Google used 5.7 Terawatt hours of energy in 2015, according to Joe Kava, who heads the company’s global infrastructure “Data centers make up the vast majority of that,” said Kava, which is why Google has also taken a leadership position in procuring renewable energy for its cloud campuses.
Kava discussed Google’s energy consumption during a keynote at the DCD Enterprise conference in New York, where he joined with executives from Microsoft, Uber and Bloom Energy to discuss the outlook for renewable energy in data centers.
How much is 5.7 terawatt hours a year? It’s almost as much as the entire city of San Francisco, said Kava, the Vice President of Data Centers at Google. To provide some context, 5.7 annual terawatt hours equates to full-time, around the clock operation of about 650 megawatts of energy load.
That wouldn’t be surprising given the scale of Google’s infrastructure, which include cloud campuses in 13 locations around the world, most of which house multiple data centers. The number is certainly higher now, as Google has aggressively added new data center capacity throughout 2016 and early 2017.
2.6 Gigawatts of Renewables
Kava’s disclosure was in service of a larger point: With great power use, comes great responsibility. Google has taken a leadership position in procuring renewable energy to power its data centers, lining up power purchase agreements (PPAs) totaling more than 2.6 gigawatts of wind and solar energy capacity.
“This makes us the world’s largest buyer of renewable energy,” said Kava, who noted that these PPAs have matched 100 percent of Google’s global energy consumption, including its data centers. Because wind and solar are intermittent energy generation sources, the total procurement is in excess of Google’s total data center capacity.
Kava said huge cloud operators like Google have a responsibility to use their buying power to drive changes in the U.S. utility industry, which should boost its mix of renewables and make clean energy available to more customers.
“We believe the science of climate change is irrefutable,” said Kava. “We want to provide the utility business model to to deliver what consumers want to buy. It’s clear to me that corporate consumers are interested in buying renewable energy. We’ve been trying to drive the industry forward with work on policy.”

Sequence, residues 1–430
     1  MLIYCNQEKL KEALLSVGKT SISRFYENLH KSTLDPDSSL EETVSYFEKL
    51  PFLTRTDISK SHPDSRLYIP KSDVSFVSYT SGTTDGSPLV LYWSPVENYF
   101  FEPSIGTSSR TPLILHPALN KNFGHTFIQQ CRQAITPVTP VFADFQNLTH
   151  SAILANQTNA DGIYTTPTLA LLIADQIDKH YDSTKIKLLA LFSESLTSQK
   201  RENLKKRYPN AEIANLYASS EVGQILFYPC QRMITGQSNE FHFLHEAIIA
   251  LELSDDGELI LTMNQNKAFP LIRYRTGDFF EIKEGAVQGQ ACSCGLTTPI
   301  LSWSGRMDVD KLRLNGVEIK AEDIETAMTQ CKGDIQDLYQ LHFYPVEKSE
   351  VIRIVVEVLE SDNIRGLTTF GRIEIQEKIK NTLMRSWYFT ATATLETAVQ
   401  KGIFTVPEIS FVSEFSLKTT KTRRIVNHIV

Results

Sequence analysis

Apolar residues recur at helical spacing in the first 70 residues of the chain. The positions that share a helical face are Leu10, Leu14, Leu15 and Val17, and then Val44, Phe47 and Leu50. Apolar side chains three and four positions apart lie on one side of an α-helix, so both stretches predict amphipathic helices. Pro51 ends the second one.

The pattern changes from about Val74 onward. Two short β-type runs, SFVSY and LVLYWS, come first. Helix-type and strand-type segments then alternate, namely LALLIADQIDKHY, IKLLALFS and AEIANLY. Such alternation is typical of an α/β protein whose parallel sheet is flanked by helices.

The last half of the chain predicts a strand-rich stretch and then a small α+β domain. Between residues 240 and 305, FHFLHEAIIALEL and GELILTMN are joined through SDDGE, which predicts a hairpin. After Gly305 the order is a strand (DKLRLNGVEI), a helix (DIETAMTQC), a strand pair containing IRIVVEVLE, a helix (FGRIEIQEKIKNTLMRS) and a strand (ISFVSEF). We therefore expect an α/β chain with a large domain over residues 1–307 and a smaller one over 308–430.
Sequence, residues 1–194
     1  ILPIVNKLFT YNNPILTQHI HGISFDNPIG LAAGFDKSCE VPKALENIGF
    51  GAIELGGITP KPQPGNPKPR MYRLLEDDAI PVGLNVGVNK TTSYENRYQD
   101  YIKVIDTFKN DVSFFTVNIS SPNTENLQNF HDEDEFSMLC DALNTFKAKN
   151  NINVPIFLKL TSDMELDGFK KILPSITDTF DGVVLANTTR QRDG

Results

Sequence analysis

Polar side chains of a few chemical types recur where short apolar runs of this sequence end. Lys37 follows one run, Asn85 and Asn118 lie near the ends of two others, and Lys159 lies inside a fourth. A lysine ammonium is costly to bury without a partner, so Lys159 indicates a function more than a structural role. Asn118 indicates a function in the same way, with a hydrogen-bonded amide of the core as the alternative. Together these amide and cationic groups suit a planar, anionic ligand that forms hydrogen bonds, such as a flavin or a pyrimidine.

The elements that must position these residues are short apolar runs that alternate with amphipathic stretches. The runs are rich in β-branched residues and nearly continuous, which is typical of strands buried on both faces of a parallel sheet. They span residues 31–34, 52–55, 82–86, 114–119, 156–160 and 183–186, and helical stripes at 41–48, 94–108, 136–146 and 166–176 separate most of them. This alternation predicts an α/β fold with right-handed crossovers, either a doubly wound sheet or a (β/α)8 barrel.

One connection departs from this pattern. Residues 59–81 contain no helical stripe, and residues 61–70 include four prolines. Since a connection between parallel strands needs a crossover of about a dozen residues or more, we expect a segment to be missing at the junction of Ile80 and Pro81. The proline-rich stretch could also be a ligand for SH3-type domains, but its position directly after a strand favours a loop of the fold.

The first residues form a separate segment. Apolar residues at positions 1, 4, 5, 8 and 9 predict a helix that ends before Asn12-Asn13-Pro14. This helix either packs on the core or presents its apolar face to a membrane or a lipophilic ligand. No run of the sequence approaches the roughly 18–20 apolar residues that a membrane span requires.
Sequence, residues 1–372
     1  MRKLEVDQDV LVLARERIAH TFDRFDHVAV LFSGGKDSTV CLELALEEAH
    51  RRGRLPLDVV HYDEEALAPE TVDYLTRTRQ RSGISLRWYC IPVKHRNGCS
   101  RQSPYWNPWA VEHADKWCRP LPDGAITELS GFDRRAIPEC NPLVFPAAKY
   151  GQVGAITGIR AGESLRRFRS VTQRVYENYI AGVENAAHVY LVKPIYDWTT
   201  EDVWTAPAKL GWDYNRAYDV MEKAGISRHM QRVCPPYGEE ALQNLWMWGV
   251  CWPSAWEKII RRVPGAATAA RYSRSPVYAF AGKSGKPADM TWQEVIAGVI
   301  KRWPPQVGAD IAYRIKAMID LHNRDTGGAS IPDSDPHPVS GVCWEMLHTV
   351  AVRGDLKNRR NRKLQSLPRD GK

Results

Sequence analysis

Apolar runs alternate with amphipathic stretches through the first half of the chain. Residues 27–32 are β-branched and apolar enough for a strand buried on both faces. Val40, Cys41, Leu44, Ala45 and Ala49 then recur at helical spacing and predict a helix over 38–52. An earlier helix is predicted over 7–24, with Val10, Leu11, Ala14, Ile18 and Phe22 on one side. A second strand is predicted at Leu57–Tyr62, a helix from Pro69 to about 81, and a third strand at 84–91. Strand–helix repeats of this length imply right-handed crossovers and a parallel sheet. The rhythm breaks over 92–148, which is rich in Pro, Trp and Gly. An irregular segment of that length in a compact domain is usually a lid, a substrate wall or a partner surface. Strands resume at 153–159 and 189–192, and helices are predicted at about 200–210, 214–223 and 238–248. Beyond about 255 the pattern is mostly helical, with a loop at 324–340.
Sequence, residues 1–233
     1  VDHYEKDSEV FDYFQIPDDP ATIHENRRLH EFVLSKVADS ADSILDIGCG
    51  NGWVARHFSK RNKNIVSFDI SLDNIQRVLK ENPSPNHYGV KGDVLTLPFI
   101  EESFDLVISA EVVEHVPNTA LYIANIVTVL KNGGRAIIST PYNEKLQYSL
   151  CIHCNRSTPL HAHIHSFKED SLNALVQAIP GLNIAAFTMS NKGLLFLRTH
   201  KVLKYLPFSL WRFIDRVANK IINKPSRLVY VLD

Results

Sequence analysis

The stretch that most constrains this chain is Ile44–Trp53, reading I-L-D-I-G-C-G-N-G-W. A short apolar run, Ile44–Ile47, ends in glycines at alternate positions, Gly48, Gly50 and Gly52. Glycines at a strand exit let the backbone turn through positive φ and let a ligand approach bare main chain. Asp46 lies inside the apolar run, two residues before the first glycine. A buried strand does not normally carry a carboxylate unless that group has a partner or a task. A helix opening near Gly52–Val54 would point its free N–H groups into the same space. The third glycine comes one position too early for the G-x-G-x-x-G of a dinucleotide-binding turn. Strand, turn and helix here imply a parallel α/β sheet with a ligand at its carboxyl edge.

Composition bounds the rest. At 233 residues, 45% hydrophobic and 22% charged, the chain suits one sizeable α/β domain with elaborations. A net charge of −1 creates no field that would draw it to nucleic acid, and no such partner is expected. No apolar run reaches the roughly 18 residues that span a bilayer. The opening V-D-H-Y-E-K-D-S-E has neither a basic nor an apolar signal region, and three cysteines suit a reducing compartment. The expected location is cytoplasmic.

Those efforts are starting to make a difference, as more providers seek access to renewables. In 2016, data center providers signed contracts for more than 1.2 gigawatts of renewable power, marking a dramatic turnaround from earlier headlines critiquing the industry’s dependence upon coal power.
Many of these purchases by hyperscale data center providers have created new production of clean energy, as opposed to credits for use of clean energy from existing sources. This “additionality” is a key strategic priority for Google and several other large cloud customers, who want their investments to support a longer-term shift away from fossil fuel.
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Reinsurance As A Renewable Enabler
Making renewable energy work at scale often requires innovative approaches, according to Christian Belady, General Manager of Cloud Infrastructure Strategy at Microsoft, which is also a huge purchaser of renewable energy. Microsoft data centers currently get about 44 percent of their power from wind, solar and hydro electricity, and expect to boost that to 50 percent within two years.
Navigating the energy markets can be tricky, even as the data center industry has emerged as one of the leading players in renewable power.
“There tends to be a significant (price) premium with renewable projects,” Belady said. “There’s a lot of risk associated with that, and these are long-term contracts. How do you manage risk around pricing and production to mitigate that premium?”
In its recent deal to purchase wind energy from the Bloom Wind Project in Kansas, Microsoft used a new strategy to offload some of its risk. “We introduced a reinsurance market,” said Belady.
Reinsurance is typically used to protect insurers from catastrophic risks that require large payouts, such as hurricanes. Companies can hedge their risk by paying premiums to protect against losses beyond a certain threshold, with the reinsurer assuming risk beyond that amount. The arrangement creates predictable costs for the buyer, and income to the seller, who is wagering that its premium revenues will offset losses in a majority of scenarios.
Belady said contracts for renewable energy can help reinsurers diversify their investments and risk portfolio. Here’s a slide from his presentation offering an overview:
“We’re hoping that this will enable others to do similar types of projects,” said Belady. “Cloud providers, because of the scale we’re working at, can introduce ways of doing things differently. That can change the industry and have huge benefits for everyone.”
“There’s a lot more work to be done,” added Kava. “Ultimately, we want a 100 percent renewable grid for everyone.”